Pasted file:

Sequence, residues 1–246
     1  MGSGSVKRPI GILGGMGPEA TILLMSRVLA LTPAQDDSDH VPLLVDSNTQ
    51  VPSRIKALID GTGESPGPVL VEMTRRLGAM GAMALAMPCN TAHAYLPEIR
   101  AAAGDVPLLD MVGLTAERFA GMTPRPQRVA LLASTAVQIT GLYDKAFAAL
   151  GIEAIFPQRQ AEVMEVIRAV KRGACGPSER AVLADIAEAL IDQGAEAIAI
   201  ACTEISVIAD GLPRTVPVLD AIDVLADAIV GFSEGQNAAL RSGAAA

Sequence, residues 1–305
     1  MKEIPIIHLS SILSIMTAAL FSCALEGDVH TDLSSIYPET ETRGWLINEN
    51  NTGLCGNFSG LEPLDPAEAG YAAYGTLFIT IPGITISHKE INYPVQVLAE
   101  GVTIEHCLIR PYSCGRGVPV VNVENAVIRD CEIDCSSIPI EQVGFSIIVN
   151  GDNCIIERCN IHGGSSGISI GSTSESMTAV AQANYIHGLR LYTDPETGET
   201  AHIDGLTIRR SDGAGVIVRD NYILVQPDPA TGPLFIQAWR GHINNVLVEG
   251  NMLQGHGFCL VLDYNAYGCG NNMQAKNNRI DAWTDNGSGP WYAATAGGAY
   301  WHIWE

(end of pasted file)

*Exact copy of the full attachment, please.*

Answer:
Sequence, residues 1–246
     1  MGSGSVKRPI GILGGMGPEA TILLMSRVLA LTPAQDDSDH VPLLVDSNTQ
    51  VPSRIKALID GTGESPGPVL VEMTRRLGAM GAMALAMPCN TAHAYLPEIR
   101  AAAGDVPLLD MVGLTAERFA GMTPRPQRVA LLASTAVQIT GLYDKAFAAL
   151  GIEAIFPQRQ AEVMEVIRAV KRGACGPSER AVLADIAEAL IDQGAEAIAI
   201  ACTEISVIAD GLPRTVPVLD AIDVLADAIV GFSEGQNAAL RSGAAA

Sequence, residues 1–305
     1  MKEIPIIHLS SILSIMTAAL FSCALEGDVH TDLSSIYPET ETRGWLINEN
    51  NTGLCGNFSG LEPLDPAEAG YAAYGTLFIT IPGITISHKE INYPVQVLAE
   101  GVTIEHCLIR PYSCGRGVPV VNVENAVIRD CEIDCSSIPI EQVGFSIIVN
   151  GDNCIIERCN IHGGSSGISI GSTSESMTAV AQANYIHGLR LYTDPETGET
   201  AHIDGLTIRR SDGAGVIVRD NYILVQPDPA TGPLFIQAWR GHINNVLVEG
   251  NMLQGHGFCL VLDYNAYGCG NNMQAKNNRI DAWTDNGSGP WYAATAGGAY
   301  WHIWE